Fine Gael and Fianna Fáil agree to hold policy talks

Development an indication the two parties moving closer to negotiations on forming government

The Dáil business committee has decided that the next meeting of the Dáil on Thursday, March 5th, would not include nominations and votes for a taoiseach.

The Dáil business committee has decided that the next meeting of the Dáil on Thursday, March 5th, would not include nominations and votes for a taoiseach.

 

Fine Gael and Fianna Fáil are to hold discussions on policy next week, Taoiseach Leo Varadkar told his party last night, in an indication that the two parties are edging towards negotiations on forming a coalition government.

But there will be no votes to elect a taoiseach when the Dáil meets next week, meaning that it is likely to be another month – and possibly considerably longer – before a new government can be formed.

Talks continued between the parties at Leinster House yesterday, with further sessions scheduled for today and next week. But all sides admit that the process remains at an early stage and is making slow, if any, progress.

Yesterday the Dáil business committee decided that the next meeting of the Dáil on Thursday, March 5th, would not include nominations and votes for a taoiseach. There was little prospect of any candidate getting a majority.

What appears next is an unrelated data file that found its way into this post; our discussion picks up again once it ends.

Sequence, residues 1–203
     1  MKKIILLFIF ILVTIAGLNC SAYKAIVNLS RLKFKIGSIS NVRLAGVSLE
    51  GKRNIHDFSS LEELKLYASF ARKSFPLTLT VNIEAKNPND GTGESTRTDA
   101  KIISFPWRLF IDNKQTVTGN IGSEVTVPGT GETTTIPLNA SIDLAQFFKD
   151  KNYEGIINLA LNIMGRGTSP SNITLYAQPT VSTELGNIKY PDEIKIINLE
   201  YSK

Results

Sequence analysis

Mr Varadkar told the Fine Gael parliamentary party last night that he did not believe there was a basis for appointing a negotiating team, but that the party would hold a one-day policy seminar with Fianna Fáil next week. Mr Varadkar said that he would meet the Fianna Fáil leader Micheál Martin after the event for further discussions.

In a statement, Fianna Fáil said it would participate in the policy exchange next week and that “serious work now needs to be done to create a programme for government to deliver demonstrable change in the areas of health, housing and climate change”.

Sinn Féin reaction

But Sinn Féin finance spokesman Pearse Doherty was critical of the decision to defer the votes next week.

Saying he understood that there would be no outcome from it and further votes would be required, he nevertheless argued that such votes were an important stage in the process of government formation.

“Failure to have that to me will withdraw momentum from this process and allows people to sit back,” he said. “We can’t sit back. There are real big issues that need to be dealt with.”

Earlier the Sinn Féin health spokeswoman Louise O’Reilly told the Irish Times Inside Politics podcast that a government of Fine Gael, Fianna Fáil and the Greens would have “democratic legitimacy” if it could command a majority in the Dáil.

“If the government can be formed and voted by the Dáil I wouldn’t dispute the democratic legitimacy of it. However, it is neither fair nor credible to disrespect the mandate of the party that got the most votes in the election,” said Ms O’Reilly.